Exceptionally Elevated Winter Photochemical Ozone Production in the Uintah Basin, Utah
R.C. Schnell1, S.J. Oltmans2, B. Johnson1, P. Cullis2, C. Sterling2, E. Hall2, A. Jordan2, T. Mefford2 and R.N. III1
1NOAA Earth System Research Laboratory, 325 Broadway, Boulder, CO 80305; 303-497-6733, E-mail: firstname.lastname@example.org
2Cooperative Institute for Research in Environmental Sciences, University of Colorado, Boulder, CO 80309
Exceptionally rapid and high concentration, cold temperature photochemical ozone production occurs in natural gas production fields in Wyoming and Utah in winter at temperatures as low as -17°C. Sunrise surface ozone concentrations of 10-40 ppb may increase to 140-165 ppb in mid-afternoon in these events. In the winter of 2009-2010, elevated ozone began over ~15,000 km2 of the sparsely populated Uintah Basin when snow pack was established in mid-December and persisted until the day the snow melted in mid-March. During this 3 month wintertime elevated ozone period, there were 521 hours with hourly ozone concentrations above 75 ppb. In the winter of 2011-2012, there was essentially no photochemical ozone production in the Uintah Basin even though oil and gas production was greater than in the winter of 2009-2010. The difference between the two seasons is that the winter of 2011-2012 in the Uintah Basin was devoid of snow cover. In the winter of 2012-2013 elevated ozone began after snow cover was established in mid-December and lasted until snow melt in the first week in March, 2013. Peak ozone concentrations were in the 165 ppb range. It appears that snow cover aids in the formation of strong temperature inversions that trap ozone precursors such as NOx and volatile organic carbons in a shallow layer near the surface. The snow also reflects solar radiation allowing for a doubling of the energy available for the photochemical production of ozone. Finally, it is speculated that the snow may also be acting as a nocturnal reservoir of nitrous acid that is released at sunrise initiating rapid ozone formation. This wintertime ozone formation is moving the gas fields into Environmental Protection Agency regulatory non-compliance.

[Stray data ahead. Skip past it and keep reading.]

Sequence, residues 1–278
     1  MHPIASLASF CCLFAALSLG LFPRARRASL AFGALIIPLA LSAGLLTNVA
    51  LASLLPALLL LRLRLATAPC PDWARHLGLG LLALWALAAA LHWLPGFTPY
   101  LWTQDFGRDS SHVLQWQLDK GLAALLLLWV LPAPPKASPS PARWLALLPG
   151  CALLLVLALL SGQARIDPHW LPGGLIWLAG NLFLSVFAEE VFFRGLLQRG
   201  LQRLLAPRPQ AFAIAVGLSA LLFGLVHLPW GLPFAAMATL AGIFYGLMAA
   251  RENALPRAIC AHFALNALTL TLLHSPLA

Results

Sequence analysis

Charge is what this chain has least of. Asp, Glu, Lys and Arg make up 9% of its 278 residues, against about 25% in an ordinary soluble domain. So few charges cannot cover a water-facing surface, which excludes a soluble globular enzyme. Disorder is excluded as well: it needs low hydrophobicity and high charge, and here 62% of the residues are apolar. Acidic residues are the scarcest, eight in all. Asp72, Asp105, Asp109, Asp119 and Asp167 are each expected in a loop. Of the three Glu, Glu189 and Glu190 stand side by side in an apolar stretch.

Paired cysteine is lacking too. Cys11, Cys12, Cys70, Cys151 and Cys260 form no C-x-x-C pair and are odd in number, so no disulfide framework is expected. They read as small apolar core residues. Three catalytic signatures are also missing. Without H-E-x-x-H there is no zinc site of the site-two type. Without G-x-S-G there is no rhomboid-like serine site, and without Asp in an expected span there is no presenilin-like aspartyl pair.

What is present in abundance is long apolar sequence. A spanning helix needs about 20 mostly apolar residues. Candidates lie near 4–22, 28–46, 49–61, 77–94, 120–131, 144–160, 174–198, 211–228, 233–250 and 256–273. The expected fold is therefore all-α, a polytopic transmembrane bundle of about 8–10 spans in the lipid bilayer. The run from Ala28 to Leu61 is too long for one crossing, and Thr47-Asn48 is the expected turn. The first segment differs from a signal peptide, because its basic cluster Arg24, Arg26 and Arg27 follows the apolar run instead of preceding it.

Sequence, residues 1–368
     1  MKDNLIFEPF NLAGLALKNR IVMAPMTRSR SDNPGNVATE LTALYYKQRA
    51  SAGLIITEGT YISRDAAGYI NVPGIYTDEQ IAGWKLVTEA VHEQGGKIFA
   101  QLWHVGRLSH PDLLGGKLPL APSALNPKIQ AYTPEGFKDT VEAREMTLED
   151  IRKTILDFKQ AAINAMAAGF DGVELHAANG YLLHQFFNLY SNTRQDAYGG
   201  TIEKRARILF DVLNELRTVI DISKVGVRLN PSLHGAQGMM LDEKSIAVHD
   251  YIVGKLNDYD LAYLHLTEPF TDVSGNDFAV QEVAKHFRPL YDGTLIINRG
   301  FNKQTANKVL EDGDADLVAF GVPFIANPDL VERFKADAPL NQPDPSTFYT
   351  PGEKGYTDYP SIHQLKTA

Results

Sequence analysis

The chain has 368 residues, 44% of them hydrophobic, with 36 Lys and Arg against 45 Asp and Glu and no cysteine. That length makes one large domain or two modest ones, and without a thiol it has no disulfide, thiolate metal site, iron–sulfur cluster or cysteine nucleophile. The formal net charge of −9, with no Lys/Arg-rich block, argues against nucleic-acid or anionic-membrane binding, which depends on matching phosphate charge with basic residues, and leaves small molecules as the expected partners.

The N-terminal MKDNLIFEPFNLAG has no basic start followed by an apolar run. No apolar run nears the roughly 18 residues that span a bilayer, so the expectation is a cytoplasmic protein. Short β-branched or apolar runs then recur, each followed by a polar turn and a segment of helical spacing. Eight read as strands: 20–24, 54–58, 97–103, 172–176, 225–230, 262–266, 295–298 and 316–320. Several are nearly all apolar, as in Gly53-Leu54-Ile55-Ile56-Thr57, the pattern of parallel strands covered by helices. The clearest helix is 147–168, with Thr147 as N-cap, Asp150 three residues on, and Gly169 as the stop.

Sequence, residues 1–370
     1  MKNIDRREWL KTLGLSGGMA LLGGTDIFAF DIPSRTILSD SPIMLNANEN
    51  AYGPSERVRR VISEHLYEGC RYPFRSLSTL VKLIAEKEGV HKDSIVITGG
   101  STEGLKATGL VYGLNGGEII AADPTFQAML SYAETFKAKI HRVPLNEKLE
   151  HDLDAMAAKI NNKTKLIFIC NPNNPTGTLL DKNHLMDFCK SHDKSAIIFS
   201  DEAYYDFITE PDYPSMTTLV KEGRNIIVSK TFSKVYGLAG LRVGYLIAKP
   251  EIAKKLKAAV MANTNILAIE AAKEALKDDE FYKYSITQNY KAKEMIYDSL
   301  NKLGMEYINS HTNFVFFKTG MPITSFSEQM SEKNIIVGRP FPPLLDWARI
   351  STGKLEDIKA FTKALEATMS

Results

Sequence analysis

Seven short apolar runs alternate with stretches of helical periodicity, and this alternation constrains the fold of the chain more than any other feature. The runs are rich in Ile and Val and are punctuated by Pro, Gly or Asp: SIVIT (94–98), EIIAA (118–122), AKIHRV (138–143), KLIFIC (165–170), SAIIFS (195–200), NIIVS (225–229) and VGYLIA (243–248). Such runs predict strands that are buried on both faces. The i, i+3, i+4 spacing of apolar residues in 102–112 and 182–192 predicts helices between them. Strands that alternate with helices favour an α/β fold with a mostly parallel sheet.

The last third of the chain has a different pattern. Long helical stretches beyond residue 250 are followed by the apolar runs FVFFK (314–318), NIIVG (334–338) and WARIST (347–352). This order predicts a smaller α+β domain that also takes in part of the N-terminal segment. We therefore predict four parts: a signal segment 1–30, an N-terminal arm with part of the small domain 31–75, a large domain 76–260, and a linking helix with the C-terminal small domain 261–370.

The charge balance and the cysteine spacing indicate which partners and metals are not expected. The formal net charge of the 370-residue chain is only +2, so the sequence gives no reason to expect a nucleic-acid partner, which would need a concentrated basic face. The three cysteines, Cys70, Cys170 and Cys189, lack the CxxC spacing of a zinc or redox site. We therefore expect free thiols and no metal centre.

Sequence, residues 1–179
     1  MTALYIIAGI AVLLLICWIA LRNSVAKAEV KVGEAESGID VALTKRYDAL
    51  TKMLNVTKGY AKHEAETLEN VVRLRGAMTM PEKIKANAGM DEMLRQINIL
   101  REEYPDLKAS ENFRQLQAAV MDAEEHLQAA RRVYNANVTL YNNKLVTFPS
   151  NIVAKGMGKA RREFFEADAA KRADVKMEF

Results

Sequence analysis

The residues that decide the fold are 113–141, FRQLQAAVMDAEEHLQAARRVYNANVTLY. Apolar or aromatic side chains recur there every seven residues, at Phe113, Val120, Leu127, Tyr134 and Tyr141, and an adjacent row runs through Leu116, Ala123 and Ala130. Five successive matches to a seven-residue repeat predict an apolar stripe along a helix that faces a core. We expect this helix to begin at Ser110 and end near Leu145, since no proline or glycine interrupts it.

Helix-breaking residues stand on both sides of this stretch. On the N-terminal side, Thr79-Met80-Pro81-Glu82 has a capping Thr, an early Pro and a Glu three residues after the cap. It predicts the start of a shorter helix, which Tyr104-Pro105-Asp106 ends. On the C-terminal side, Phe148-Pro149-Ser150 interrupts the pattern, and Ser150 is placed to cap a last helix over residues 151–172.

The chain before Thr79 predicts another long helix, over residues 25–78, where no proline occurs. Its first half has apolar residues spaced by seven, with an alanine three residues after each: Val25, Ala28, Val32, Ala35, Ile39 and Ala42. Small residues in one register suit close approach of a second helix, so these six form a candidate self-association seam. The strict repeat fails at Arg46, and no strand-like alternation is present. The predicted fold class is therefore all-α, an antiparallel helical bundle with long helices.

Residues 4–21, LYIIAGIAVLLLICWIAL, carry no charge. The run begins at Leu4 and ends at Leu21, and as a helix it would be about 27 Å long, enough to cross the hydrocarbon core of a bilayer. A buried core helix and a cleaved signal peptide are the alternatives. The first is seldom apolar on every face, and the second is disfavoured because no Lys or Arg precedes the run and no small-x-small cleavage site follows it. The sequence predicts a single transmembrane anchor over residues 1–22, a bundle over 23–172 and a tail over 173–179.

Figure 1. Ouray, Utah. Ozone production between 10:00 and 17:00, February 2, 2013 within a shallow boundary layer. The ozone at 10:00 was already elevated from the previous day. On February 6 ozone reached 165 ppb.